14. Oxygen Advantage Warm-Up           
    1. Begin walking at a pace that is comfortable for you.           
    2. During your warm-up, try to breathe regularly and calmly through your nose, using your diaphragm to maintain a gentle and relaxed breathing technique.           
    3. Feel your abdomen gently moving outward as you inhale and gently moving inward as you exhale.         
    4. As you walk, allow a feeling of relaxation to spread throughout your body. Silently encourage the area around your chest and abdomen to relax (you will find that any tension can be released by silently telling that area of the body to relax). Feel your body relax and become soft. Body relaxation during physical exercise helps to ensure steady, calm, and regular breathing.           
    5. After 1 minute or so of walking at a fairly good pace, exhale normally through your nose and pinch your nose with your fingers to hold the breath. (If you are in a public place, you might prefer to hold the breath without holding your nose.)           
    6. While holding your breath, walk for 10 to 30 paces, or until you feel a moderate need to breathe. When you feel this hunger for air, let go of your nose and resume breathing through your nose.           
    7. Continue walking for 10 minutes, performing a breath hold every minute or so.
  15. You can check whether you are pushing yourself too hard during physical exercise by exhaling normally and holding your breath for 5 seconds. When you resume breathing through the nose, your breathing should remain controlled. If you find that you lose control of your breathing, you are pushing yourself too hard.
  16. Following physical exercise, cool down by walking for 3 to 5 minutes, performing the following small breath holds:           
    1. Exhale as normal through the nose.           
    2. Pinch your nose with your fingers to hold the breath for 2 to 5 seconds.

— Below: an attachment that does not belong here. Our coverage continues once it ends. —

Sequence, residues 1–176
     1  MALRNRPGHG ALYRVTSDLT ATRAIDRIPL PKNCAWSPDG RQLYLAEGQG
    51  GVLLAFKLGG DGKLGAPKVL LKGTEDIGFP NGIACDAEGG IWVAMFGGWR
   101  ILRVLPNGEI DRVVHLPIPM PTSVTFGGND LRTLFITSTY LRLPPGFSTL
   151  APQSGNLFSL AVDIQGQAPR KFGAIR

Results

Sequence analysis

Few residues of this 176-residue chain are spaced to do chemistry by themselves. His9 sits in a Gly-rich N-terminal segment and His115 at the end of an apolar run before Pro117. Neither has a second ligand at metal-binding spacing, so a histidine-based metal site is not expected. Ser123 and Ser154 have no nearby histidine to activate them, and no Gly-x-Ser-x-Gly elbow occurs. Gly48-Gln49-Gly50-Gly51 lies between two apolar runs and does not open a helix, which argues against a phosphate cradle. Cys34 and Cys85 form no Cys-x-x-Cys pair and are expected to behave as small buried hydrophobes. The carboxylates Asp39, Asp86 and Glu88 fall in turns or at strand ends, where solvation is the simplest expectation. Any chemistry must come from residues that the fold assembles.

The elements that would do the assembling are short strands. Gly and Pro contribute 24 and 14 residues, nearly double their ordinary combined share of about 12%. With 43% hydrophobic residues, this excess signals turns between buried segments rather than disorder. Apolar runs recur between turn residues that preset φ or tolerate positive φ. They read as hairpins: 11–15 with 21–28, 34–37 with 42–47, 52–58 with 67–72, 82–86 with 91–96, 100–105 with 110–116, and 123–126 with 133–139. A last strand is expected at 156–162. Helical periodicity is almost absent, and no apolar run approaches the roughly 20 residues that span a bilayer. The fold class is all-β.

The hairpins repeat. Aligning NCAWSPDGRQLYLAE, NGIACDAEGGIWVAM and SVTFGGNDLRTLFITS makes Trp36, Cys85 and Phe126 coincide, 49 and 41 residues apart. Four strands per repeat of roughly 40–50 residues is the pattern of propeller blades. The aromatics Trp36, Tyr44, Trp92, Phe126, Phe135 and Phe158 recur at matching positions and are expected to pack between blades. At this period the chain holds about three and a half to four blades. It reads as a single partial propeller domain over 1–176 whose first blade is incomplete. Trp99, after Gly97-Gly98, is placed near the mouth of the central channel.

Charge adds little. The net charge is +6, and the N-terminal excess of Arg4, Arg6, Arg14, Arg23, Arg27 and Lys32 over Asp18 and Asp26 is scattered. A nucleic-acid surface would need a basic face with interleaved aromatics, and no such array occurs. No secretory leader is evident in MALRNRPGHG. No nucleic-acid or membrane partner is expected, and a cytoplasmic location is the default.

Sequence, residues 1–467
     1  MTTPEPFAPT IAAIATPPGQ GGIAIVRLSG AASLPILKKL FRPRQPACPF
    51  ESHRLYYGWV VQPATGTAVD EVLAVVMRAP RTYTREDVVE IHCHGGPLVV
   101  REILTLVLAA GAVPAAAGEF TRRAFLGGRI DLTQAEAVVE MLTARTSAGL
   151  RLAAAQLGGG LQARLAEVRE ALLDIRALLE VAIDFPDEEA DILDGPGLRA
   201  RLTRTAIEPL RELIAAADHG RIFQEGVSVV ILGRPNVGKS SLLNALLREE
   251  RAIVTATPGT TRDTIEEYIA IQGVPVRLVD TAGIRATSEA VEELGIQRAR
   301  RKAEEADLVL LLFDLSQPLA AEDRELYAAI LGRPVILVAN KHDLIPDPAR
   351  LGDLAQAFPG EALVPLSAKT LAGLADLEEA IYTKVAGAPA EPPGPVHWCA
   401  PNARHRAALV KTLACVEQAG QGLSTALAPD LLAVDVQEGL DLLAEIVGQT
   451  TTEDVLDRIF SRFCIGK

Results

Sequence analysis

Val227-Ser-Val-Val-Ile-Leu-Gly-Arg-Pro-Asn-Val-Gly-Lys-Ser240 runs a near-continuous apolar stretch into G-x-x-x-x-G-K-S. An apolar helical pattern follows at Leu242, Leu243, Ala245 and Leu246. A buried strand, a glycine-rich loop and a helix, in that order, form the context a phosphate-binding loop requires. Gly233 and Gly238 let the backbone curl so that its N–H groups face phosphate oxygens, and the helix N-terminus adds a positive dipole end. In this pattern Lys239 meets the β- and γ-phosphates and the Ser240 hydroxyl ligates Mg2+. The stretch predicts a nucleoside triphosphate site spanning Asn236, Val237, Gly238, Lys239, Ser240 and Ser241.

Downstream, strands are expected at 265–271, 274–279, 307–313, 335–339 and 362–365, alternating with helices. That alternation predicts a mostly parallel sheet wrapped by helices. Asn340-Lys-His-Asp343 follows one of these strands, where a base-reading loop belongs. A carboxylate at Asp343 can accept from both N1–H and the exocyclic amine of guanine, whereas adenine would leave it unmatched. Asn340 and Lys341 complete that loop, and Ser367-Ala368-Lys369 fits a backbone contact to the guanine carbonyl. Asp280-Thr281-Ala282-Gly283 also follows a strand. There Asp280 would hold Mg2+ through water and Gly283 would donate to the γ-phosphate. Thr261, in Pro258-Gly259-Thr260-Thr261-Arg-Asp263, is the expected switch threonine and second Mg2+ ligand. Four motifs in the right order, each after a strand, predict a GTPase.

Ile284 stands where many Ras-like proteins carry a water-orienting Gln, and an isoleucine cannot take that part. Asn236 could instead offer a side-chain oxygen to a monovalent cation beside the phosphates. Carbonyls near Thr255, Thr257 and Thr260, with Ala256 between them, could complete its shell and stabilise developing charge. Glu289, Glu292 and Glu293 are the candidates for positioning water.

3. Breathe normally through the nose for 10 seconds.           
    4. Repeat the first 3 steps throughout your cooldown.           
    5. Resume regular breathing.
  17. Follow these steps to track your progress using your BOLT score:           
    1. Measure your BOLT score before training.           
    2. Perform your physical exercise.           
    3. Measure your BOLT score one hour after you finish training.           
    4. If your BOLT score is higher after exercise than before, your breathing is efficient during exercise.           
    5. If your BOLT score is lower after exercise than before, your breathing is inefficient during exercise. In this situation, it is safer to slow down and ensure your breathing remains controlled throughout exercise.
  18. It seems clear, therefore, that high-intensity training offers several positive benefits to athletes, including:           
    1. Improved anaerobic and aerobic energy supplying systems, allowing for greater endurance, strength, speed, and power           
    2. Faster VO2 kinetics, allowing the blood to carry more oxygen to the muscles           
    3. Increased tolerance to high-intensity exercise           
    4. Decreased recovery time from less than maximum exercise           
    5. Reduced lactic acid buildup           
    6. Improved oxygenation of active muscles, allowing you to exercise harder and longer
  19. In essence, holding the breath until a medium to strong need for air mobilizes the diaphragm, provides it with a workout and helps to strengthen it.
  20. In a similar way that breath holding delays the onset of fatigue during sports, countless studies have shown that taking the alkaline agent bicarbonate of soda reduces acidity in the blood to improve endurance. Who would have thought that a cooking ingredient found in almost every kitchen cupboard in the Western world could also improve sports performance? Not only that, but it is a very helpful tool to reduce your breathing volume and increase your BOLT score. ½ teaspoon bicarbonate of soda (also known as baking soda or bread soda) 2 tablespoons apple cider vinegar
  21. You should be able to recover your breathing within 2 to 3 breaths following a breath hold.
  22. Similar to any intense physical exercise, it is important to practice at least two hours after eating. Just as it is not advisable to go for a jog directly after eating, it is also best to practice breathing exercises on an empty stomach.
  23. Walk and hold: After a minute of continuous walking, gently exhale and pinch your nose to hold your breath. If you feel uncomfortable pinching your nose while walking in public, you can simply hold your breath without holding your nose. Continue to walk while holding your breath until you feel a medium to strong air shortage. Release your nose, inhale through it, and minimize your breathing by taking very short breaths for about 15 seconds. Then allow your breathing to return to normal.